Death penalty isn't sought for Harney


Daniel Scott Harney, accused of killing his estranged wife and fleeing Maryland with their two young sons the day after Christmas, will not face the death penalty, Howard County State's Attorney Marna McLendon announced yesterday.

Ms. McLendon said the prosecution does not meet the state's legal requirements to seek the death penalty for Mr. Harney, accused of killing 40-year-old Shirley Scott Harney Dec. 26 at her Ellicott City home.

In first-degree murder cases, the law requires prosecutors to find at least one of 10 "aggravating circumstances." These factors must be proven beyond a reasonable doubt -- regardless of how brutal a crime is -- before the death penalty can be sought.

The aggravating factors include such circumstances as the victim was a law-enforcement officer or the defendant committed a murder while trying to escape from police custody.

"The evidence [in the Harney case] doesn't support any aggravating factors that are required to seek the death penalty," Ms. McLendon said.

Clarke Ahlers, a Columbia attorney for Mr. Harney, said Ms. McLendon's decision reflects common sense.

"It is the position of the defense team that the state's attorney has made the only correct decision," Mr. Ahlers said.

Terry Farrell, president of the board of directors for the Domestic Violence Center of Howard County, said he accepts Ms. McLendon's decision.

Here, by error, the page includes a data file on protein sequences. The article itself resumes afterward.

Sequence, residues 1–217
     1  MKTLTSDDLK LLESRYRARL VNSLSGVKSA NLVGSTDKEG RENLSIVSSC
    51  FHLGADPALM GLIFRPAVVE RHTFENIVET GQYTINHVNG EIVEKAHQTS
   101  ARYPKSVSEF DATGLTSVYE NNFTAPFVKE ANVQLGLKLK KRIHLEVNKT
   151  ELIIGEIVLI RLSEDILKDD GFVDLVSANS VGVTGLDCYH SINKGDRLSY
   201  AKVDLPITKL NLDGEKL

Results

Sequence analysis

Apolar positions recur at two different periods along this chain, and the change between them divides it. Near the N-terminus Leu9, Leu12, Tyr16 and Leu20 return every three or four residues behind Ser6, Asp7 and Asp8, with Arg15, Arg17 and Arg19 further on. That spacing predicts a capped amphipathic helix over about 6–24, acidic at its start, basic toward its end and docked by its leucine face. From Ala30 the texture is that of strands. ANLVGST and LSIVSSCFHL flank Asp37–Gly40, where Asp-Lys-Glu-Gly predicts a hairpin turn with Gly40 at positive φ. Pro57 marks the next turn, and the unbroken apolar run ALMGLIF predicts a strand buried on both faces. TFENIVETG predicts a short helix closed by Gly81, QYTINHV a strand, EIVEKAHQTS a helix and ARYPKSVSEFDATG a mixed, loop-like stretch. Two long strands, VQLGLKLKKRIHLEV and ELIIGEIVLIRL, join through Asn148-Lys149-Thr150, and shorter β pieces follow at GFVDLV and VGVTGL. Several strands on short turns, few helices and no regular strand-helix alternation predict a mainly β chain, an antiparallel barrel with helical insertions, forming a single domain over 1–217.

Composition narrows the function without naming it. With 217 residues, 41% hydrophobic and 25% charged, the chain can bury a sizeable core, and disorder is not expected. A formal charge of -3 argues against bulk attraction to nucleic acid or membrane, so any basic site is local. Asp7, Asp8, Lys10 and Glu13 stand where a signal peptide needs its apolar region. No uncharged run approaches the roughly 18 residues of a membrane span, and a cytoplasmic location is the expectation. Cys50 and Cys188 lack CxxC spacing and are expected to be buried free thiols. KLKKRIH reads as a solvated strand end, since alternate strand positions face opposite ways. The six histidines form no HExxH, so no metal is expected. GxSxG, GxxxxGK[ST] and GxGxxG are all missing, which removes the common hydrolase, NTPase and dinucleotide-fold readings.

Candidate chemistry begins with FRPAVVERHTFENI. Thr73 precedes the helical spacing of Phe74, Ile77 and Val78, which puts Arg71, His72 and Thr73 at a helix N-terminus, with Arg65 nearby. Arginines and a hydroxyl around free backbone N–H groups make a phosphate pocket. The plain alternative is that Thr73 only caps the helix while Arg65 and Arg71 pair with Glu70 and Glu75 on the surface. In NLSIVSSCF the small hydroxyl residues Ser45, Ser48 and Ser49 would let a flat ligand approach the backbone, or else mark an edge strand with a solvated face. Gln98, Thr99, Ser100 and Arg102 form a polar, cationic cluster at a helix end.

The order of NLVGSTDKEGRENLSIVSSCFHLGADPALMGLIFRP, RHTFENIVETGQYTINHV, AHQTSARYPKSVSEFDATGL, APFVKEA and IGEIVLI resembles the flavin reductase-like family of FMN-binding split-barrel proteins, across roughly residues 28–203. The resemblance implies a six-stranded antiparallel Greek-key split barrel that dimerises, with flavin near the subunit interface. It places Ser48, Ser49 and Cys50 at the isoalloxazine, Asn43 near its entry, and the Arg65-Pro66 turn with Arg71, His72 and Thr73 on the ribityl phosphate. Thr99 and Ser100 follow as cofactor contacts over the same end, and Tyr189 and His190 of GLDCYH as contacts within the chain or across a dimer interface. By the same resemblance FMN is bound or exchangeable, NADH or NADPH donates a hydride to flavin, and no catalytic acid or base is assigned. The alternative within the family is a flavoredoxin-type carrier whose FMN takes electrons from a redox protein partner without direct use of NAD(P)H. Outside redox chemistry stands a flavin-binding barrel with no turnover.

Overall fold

"For us, it's not an issue of the death penalty," Mr. Farrell said. "It's an issue of bringing [Mr. Harney] to trial and punishing him if in fact he did kill his wife." Mr. Harney, 41, is to stand trial in Howard Circuit Court July 31 on first-degree-murder and six other charges.

Prosecutors now have until 30 days before the trial to notify defense attorneys whether they will seek a sentence of life imprisonment without the possibility of parole for Mr. Harney. Otherwise, Mr. Harney could be sentenced to life in jail -- becoming eligible for parole after serving at least 15 years of his term -- if he is convicted.

Ms. McLendon said the decision against the death penalty came after a lengthy review of Mr. Harney's case, as required by a new policy that she established last month for first-degree murder cases.

Mr. Harney is also charged with the attempted murder of William Helmbold, a 45-year-old Woodlawn man who was shot in his right arm during the incident.

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